Frequently Asked Questions
Red oak is not red, and white oak is not white. Red oak has a warm, reddish tone and the grain shows very well, especially with stain. White oak is light brown color and less grain shows. It is a little denser, and it withstands more humidity. (See picture)
Hardwood is our choice. The price is comparable, but nothing else. With hardwood floor, you have a real value in your house. Regular thickness (3/4 inch) can be sanded 10 times. After any sanding, you can play with the color, and the floor looks like new. Every sanding can last 5-10 years, plus, you can refresh (buffing and coating) every year. That means you can have a nice hardwood floor for 100 years. -LIVE LONG. Laminate doesn’t contain any wood. It is plastic. You cannot sand laminate, so any scratch or damage will stay there forever. And laminate doesn’t count towards your home improvement value.
With red oak as a standard, pine is 30-50% softer. Bamboo is the same hardness; maple is 10% harder; hickory is 40% harder; and Brazilian cherry and mahogany are 70-80% harder.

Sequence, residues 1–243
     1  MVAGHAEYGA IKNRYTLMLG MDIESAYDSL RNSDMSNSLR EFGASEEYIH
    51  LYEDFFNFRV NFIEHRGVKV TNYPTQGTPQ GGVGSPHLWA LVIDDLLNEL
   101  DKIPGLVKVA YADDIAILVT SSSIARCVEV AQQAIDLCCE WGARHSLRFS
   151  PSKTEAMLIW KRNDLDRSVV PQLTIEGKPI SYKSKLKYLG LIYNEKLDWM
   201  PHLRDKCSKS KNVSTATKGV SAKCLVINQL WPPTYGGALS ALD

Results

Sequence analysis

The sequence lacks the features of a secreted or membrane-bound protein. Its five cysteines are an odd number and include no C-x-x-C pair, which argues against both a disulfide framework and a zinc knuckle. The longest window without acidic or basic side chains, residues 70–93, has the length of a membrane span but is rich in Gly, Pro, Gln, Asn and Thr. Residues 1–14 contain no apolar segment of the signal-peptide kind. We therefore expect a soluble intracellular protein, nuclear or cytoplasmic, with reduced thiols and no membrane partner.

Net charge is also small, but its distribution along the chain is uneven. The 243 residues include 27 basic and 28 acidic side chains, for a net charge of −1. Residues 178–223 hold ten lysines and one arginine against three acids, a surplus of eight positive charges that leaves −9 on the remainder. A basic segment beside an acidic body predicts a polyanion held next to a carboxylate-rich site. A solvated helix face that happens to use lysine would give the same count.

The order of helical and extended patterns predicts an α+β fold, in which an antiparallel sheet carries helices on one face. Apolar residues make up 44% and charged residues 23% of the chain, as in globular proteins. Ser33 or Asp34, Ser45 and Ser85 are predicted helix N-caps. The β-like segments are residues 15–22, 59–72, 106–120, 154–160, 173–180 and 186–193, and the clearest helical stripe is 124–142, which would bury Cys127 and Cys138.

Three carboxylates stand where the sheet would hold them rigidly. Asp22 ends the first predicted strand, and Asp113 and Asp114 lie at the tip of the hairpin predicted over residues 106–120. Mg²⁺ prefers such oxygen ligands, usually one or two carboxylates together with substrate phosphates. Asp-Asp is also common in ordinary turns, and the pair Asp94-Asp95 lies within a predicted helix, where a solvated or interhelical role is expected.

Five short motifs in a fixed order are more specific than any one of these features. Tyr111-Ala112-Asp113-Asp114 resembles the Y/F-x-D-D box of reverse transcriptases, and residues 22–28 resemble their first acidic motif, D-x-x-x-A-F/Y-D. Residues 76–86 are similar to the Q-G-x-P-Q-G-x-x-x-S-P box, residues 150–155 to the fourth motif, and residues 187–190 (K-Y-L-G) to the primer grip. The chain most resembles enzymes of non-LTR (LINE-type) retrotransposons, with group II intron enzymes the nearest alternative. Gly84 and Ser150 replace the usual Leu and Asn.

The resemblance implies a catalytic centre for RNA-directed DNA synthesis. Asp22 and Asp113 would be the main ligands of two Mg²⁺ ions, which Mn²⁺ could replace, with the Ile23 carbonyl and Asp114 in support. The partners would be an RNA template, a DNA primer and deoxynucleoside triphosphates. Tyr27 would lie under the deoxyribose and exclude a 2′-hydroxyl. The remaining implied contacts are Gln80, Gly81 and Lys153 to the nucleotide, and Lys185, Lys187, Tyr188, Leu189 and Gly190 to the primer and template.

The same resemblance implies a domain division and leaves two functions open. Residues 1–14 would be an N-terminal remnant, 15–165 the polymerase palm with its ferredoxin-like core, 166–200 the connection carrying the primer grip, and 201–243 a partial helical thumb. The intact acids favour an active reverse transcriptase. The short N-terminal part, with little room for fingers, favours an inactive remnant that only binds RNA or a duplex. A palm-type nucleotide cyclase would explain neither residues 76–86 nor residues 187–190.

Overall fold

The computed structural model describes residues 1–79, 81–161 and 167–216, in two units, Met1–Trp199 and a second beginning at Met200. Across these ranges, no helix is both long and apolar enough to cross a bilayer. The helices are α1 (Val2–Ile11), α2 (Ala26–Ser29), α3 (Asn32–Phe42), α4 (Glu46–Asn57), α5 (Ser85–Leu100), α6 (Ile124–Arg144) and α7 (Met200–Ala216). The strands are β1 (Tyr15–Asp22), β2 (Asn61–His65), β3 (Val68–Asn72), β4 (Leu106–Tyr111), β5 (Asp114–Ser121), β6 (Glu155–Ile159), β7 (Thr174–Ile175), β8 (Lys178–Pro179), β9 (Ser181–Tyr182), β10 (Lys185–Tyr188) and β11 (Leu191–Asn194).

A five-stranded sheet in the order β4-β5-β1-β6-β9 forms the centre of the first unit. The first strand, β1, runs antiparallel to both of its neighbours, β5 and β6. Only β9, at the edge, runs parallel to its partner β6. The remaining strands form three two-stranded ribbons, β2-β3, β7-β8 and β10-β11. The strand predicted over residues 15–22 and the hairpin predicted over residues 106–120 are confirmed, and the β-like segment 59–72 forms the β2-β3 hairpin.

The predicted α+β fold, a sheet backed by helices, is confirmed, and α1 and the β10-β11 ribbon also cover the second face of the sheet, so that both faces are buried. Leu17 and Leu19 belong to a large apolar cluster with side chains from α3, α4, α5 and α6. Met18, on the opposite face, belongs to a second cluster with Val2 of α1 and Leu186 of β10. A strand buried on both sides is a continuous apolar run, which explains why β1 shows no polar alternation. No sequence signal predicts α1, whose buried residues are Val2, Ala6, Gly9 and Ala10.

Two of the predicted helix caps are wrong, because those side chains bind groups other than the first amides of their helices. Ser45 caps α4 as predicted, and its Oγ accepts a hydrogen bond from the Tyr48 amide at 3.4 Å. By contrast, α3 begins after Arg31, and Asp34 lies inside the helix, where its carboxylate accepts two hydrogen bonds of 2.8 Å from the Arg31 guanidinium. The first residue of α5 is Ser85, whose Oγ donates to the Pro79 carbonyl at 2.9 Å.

Three coats poly will protect floors better. With first coat laquer sealer, floor looks lighter and smoother, but we believe that without sealer, poly will penetrate deeply into the wood, which makes the finish longer lasting (sealer prevents the wood from soaking up the poly)
Years ago, oil based was stronger, but lately, very strong water based finishes have been developed. (Street shoe, mega…) Water based finish makes floor lighter than oil. It dries in one hour and there is no strong smell. Oil based makes your floor more smooth and shiny. Also, the grain shows a little better.
Preventative maintenance is the key to enjoying the natural beauty of your hardwood floor. Prevention starts outside of the home. Have a good mat and wipe your shoes well of sand and grit (salt in winter time). Most damage occurs a few feet away from the entry-way or first few steps of stairs.
Install felt pads under furniture (small area rug in dining room will help). Food spills should be cleaned with a well wrung out cloth or, if necessary, with a mild dish wash soap. Never wet hardwood floors. Do not wax (waxing will prevent us from re-coating your floor).
All organic material, including wood, leather and cotton, will dry out or absorb the moisture in the air. In New England the long winters and cold air dries the air in houses, summer humidity does the opposite. Dry air causes wood to shrink and moisture absorption causes wood to swell. Wood changes 0.1% along the grain and 2-8% across the grain. Use of a humidifier in winter or a de humidifier in summer is highly recommended. Air-conditioning helps as well.